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Subject: RE: Walkaboutsverse
From: GUEST,We Subvert Koalas
Date: 09 Feb 08 - 05:26 PM

What about the non-Christian nations? And the non-Christian minorities living in the otherwise secular UK if it comes to that! How odd that this appears to be the only mention of Rowan's ill-advised gaff on Mudcat...


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Subject: RE: Walkaboutsverse
From: GUEST,Walkaboutsverse
Date: 13 Feb 08 - 04:49 PM

(Most people, We Subvert Koalas, in the world now, including me, are happy that the WORLD is multicultural...but whether each country should be multicultural is another matter. Sadly, events of the last decade have dramatically shown that trying to have a multiple number of cultures/faiths living under the one state law will always be problomatic.)

Now, on a lighter/romantic! note, from single me -

Poem 16 of 230: A BEAUTIFUL STAGE

If a couple, with plans to wed,
Asked me, off the top of my head,
For somewhere I thought well in tune
As a place for a honeymoon,
It would have - flashing back - to be
Beautifully-honed Italy.

http://www.walkaboutsverse.741.com


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Subject: RE: Walkaboutsverse
From: GUEST,Walkaboutsverse
Date: 16 Feb 08 - 06:20 AM

Last week, the new PM of Australia, Kevin Rudd, made a formal apolgy to Aborigines, hence I post this poem...

Poem 76 of 230: LAND RIGHTS

If there is a good thing
    From the Second World War
It's that most peoples learnt
    To conquer lands no more.

In Africa, Asia,
    And the Pacific, too:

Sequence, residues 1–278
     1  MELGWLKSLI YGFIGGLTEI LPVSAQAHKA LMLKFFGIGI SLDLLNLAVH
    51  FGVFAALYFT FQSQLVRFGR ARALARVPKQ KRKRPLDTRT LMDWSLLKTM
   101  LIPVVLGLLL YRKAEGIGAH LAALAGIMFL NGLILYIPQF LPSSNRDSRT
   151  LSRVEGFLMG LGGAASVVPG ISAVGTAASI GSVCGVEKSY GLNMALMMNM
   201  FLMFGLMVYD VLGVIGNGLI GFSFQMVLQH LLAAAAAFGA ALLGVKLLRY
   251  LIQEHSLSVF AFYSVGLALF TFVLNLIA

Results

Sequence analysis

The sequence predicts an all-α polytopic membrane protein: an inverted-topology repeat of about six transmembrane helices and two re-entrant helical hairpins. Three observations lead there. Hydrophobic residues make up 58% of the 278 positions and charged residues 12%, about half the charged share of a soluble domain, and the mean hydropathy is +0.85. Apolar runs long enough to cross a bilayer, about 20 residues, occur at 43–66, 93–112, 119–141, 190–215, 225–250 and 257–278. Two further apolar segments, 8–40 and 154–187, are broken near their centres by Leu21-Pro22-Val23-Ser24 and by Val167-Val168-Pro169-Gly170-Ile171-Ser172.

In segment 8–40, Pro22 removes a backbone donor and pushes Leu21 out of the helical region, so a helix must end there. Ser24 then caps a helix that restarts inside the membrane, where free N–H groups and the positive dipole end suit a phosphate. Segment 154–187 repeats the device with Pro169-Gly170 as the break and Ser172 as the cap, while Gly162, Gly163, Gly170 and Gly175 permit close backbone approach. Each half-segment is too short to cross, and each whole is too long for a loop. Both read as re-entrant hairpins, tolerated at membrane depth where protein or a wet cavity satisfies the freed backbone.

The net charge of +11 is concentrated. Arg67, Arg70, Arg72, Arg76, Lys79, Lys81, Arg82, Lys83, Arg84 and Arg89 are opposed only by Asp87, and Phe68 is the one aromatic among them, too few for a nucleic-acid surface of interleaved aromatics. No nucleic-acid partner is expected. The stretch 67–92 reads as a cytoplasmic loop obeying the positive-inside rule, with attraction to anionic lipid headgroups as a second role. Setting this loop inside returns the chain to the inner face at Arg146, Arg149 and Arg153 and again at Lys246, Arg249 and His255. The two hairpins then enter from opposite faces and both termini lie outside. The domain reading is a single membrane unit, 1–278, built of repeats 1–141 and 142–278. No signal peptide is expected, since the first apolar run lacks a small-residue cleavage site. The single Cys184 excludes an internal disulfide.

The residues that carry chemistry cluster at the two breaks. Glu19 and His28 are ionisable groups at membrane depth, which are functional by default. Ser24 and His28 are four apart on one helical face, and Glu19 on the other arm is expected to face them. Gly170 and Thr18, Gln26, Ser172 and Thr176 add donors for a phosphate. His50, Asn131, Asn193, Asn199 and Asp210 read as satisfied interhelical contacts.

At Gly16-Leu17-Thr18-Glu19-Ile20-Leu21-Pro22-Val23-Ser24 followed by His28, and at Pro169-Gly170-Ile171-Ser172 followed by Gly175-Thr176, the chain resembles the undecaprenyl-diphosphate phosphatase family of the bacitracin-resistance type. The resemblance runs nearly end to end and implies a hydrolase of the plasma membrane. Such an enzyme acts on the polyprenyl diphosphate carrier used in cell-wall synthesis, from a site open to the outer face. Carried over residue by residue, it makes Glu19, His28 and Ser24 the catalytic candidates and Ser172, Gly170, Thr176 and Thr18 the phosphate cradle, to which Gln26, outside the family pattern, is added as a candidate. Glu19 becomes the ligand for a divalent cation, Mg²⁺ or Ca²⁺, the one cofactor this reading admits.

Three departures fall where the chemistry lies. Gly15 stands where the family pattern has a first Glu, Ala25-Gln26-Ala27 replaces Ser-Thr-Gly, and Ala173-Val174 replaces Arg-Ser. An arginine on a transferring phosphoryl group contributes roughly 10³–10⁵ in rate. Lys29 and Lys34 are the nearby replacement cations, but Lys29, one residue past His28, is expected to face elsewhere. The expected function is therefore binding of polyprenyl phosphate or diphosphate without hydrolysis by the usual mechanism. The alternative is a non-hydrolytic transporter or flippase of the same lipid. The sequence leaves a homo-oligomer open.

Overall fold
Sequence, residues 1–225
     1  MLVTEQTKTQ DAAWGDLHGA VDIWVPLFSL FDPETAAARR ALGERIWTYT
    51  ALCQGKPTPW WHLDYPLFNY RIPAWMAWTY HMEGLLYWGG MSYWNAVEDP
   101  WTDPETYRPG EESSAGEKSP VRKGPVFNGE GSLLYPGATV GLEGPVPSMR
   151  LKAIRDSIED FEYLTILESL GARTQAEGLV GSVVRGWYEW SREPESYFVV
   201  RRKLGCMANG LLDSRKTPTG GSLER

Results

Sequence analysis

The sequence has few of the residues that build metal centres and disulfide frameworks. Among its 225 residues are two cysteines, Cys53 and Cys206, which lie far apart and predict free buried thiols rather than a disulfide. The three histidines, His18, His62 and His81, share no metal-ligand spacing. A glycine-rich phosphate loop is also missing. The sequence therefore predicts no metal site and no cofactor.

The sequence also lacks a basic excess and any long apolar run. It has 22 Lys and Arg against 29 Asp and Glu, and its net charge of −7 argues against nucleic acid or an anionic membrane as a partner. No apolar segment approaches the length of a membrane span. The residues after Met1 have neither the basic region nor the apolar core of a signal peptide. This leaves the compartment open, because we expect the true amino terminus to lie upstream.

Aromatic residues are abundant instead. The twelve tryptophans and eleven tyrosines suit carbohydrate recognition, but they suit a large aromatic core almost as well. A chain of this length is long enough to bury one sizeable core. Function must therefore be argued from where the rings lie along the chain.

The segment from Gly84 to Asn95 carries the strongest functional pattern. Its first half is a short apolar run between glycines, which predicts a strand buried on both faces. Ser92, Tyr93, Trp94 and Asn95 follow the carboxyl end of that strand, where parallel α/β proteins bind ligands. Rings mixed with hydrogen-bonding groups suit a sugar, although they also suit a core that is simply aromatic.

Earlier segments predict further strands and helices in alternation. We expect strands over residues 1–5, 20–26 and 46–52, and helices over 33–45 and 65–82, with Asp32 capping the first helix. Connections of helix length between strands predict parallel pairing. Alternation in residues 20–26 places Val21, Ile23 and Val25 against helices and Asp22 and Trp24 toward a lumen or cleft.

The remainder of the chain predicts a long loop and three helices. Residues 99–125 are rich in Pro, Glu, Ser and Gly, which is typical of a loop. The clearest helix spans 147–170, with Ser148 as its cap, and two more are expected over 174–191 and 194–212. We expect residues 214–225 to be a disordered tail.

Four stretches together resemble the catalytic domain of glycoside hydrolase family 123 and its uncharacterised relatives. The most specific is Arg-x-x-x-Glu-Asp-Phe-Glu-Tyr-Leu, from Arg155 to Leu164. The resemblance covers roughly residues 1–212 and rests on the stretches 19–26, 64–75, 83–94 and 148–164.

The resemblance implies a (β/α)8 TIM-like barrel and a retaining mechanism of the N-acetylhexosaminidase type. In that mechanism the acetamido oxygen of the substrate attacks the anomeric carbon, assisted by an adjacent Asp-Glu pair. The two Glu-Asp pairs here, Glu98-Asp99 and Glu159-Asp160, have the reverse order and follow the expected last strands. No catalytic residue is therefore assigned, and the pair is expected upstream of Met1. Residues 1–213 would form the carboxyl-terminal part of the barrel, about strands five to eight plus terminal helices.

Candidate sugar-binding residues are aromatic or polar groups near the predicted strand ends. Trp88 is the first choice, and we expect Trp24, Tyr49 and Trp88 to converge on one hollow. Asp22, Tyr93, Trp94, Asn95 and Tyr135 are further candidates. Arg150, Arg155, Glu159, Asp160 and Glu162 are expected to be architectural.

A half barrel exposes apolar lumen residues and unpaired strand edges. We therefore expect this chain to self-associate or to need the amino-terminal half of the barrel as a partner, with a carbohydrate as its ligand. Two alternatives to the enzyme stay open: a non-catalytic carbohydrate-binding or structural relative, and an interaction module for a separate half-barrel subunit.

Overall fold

Post-war independence -
    Steps only bigots rue.

But for some indigenes,
    Outnumbered much-too-much,
It has all come too late
    For liberty, as such.

So 'tis in Australia,
    And America's sites,
Where the best now, I think,
    Is to respect land rights.

http://www.walkaboutsverse.741.com


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Subject: RE: Walkaboutsverse
From: GUEST,WalkaboutsVerse
Date: 28 Feb 08 - 05:55 AM

I went to a poetry club this week where we looked at Philip Larkin...

Poem #148: AUDIENCE LOST

I returned, again,
    To what they pen -
The free-verse poets:
    Deep prose in sets...
I could read, again,
    Of Mice and Men.

http://www.walkaboutsverse.741.com


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Subject: RE: Walkaboutsverse
From: GUEST,WalkaboutsVerse
Date: 04 Mar 08 - 04:24 AM

Poem 95 0f 230: A GOOD LIFE

To fauna,
    Home-flora.
Sheep for wool -
    Fed till full.
Chooks for eggs -
    Free-range legs.
Milk from cows -
    Should well house:
Better grade
    Can be made.
Fish for game -
    Cut the pain.
Dogs for pets -
    No regrets.
And question
    Castration.

This does say
    Buddha's way,
And Blake's way:
    A good life -
For all life.

From http://www.walkaboutsverse.741.com


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Subject: RE: Walkaboutsverse
From: GUEST,WalkaboutsVerse
Date: 08 Mar 08 - 05:26 AM

At last, the BBC have produced a series, called "White", allowing English people to openly lament the loss of traditional English culture and values, due to the mass immigration (and emigration) of the last 50 years, hence I post this poem...

Poem 213 of 230: MORE AMOR PATRIAE

There is Tai Chi and there is tennis,
    Line is fine but so is Morris,
There is curry and there is the roast,
    And, when England is playing host,
It is the rest-of-the-world's good wish
    To sense culture that is English.

http://www.walkaboutsverse.741.com


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Subject: RE: Walkaboutsverse
From: GUEST,WalkaboutsVerse
Date: 14 Mar 08 - 09:53 AM

A response to the Cheltenham Festival...

Poem 146 of 230: HORSES FOR COURSES?

To some, in income-anticipation,
    Horse-balking at gates is a small debase;
To me, it seems a memory/fear case